Every state and region of our country has its own areas of focus when doing a home inspection and the Mooresville Lake Norman area is no different.
In Parts 1-4 I discussed the real estate contracts, siding, moisture issues, pest reports and radon. There are three additional inspections and reports you should also consider ordering AT THE SAME TIME AS THE PHYSICAL INSPECTIONS:
- Water test if your Lake Norman home has it’s own well (And most either have their own well or a community well)
- Septic Tank Inspection and Pumping
- Survey of lot lines
Well Water: If the home you are purchasing is close to Lake Norman or beyond the city limits of Mooresville or any of the surrounding towns it most likely will have its own well. It is recommended that you have the well water tested during the physical inspection period. New Construction is required to pass a water test before it will get occupancy clearance. You can do further research about North Carolina Drinking Water at the U.S. Environmental Protection Agency website. They also provide a list of State Certified Laboratories that test drinking water and contact information for our NC drinking water offices. While the EPA is not responsible for private well water they do recommend that well owners have their water tested annually.
A Septic System ”consists of an underground tank and a leach or drainage field that work to purify household waste water. Sewage sits in an anaerobic bacteria which breaks down the solids. The fluid that leaves the tank is called effluent. It flows into the pump tank and after the effluent level reaches a certain level then the effluent is pumped to a leach field and ito the surrounding soil. The soil filters the fluids, aerobic bacteria breaks down the effluent into chemicals that support vegetation.”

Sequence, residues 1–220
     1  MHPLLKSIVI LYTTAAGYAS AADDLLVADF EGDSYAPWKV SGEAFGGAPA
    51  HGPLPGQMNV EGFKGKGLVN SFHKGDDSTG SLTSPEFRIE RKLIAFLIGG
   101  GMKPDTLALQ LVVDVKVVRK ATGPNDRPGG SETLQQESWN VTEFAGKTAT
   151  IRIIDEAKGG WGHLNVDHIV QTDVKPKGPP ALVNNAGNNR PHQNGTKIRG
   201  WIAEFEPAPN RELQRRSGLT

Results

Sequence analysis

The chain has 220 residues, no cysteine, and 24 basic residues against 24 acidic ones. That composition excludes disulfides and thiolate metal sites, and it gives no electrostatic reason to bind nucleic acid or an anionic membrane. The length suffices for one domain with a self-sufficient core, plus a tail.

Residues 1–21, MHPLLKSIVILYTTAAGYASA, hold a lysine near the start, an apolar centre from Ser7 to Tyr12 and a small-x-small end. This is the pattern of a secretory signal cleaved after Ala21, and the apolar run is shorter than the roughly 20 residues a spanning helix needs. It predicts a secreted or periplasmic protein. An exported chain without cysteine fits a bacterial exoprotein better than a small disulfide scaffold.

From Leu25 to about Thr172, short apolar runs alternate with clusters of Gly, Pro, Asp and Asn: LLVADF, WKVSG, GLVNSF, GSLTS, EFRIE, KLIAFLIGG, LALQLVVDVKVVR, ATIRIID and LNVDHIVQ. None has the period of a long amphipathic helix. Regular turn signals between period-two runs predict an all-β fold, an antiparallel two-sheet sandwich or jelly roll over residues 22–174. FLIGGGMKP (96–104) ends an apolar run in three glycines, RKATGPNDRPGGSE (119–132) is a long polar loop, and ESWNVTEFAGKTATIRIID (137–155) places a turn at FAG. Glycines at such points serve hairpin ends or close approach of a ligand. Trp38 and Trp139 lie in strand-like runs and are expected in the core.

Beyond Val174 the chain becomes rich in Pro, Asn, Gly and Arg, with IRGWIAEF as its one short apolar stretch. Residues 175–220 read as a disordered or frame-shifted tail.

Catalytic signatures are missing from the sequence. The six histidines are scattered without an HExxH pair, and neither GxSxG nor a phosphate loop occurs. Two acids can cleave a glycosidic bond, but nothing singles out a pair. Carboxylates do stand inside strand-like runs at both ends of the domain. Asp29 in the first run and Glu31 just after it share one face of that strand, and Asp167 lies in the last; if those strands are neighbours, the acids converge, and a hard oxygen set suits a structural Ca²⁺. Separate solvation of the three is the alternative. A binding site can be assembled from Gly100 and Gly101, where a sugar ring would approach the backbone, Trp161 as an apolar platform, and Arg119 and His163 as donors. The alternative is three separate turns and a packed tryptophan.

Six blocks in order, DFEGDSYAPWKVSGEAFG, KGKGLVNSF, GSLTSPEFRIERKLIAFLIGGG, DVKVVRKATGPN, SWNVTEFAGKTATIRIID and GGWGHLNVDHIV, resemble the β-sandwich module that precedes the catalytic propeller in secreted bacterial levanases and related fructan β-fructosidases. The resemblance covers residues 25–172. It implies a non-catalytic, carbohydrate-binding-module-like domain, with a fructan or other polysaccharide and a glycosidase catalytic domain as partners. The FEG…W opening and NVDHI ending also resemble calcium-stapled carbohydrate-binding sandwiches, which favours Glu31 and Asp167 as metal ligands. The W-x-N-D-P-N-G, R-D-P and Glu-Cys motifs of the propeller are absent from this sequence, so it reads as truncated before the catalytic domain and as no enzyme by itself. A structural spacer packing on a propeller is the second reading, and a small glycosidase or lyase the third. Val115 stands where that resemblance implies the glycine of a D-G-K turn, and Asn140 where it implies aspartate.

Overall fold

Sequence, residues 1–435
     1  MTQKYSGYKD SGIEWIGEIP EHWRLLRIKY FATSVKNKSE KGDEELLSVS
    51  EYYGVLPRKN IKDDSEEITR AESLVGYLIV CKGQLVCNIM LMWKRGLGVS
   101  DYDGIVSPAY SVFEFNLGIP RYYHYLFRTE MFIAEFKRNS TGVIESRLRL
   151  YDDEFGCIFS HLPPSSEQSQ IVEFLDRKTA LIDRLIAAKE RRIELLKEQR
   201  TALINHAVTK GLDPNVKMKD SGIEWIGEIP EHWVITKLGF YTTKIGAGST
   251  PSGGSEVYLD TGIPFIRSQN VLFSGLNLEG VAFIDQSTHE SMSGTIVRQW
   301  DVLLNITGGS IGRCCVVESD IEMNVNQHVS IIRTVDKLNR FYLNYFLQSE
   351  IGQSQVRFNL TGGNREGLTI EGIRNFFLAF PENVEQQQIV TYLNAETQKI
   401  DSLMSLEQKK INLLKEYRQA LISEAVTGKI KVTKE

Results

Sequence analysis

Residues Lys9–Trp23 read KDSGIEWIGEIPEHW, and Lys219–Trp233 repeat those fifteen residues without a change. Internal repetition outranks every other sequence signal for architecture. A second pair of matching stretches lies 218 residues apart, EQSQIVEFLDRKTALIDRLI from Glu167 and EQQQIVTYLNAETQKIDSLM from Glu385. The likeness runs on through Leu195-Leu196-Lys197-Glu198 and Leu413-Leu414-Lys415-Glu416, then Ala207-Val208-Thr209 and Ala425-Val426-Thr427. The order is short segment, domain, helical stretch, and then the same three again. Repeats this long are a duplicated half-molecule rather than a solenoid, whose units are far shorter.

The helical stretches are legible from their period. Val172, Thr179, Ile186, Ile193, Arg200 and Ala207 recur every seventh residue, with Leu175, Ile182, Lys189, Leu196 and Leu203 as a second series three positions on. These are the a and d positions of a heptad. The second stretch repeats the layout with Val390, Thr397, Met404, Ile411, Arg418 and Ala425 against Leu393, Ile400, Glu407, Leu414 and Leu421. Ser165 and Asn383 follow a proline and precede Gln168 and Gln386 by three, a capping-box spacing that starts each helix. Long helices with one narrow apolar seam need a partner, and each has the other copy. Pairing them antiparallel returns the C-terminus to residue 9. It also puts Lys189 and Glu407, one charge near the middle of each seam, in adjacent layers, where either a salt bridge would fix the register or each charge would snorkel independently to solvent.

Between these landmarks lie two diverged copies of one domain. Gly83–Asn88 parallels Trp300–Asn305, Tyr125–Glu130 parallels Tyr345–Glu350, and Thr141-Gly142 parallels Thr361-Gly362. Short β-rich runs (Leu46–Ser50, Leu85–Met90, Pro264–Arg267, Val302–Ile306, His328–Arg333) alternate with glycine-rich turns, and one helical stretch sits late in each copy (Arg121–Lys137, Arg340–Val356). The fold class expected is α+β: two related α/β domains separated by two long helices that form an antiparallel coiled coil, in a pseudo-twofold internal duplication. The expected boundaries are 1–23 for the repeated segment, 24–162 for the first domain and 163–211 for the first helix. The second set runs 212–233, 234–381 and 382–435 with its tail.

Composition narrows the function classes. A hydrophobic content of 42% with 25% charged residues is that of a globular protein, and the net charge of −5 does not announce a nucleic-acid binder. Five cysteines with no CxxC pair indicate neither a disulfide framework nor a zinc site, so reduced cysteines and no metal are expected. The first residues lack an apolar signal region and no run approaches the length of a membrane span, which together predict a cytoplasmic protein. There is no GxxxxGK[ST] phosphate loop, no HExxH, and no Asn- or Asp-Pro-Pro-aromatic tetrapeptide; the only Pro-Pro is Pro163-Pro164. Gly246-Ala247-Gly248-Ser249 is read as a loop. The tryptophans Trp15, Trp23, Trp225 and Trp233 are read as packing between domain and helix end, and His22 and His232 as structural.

A septic inspector will mark the septic fields and inspect the tank and the system for proper seals and filtration. They may recommend having the septic tank pumped, repaired or even replaced.
Lot Survey: North Carolina Real Estate Attorneys, lenders and title companies all recommend that home buyers get a professional survey of their property before purchasing. While this is not mandatory, it will make sure you know exactly where your property lines are so that you can make sure there are on encroachments or other problems that could surface after closing, most commonly when putting up a fence. The cost of a survey depends on the surveyor and the size and difficulty of the lot.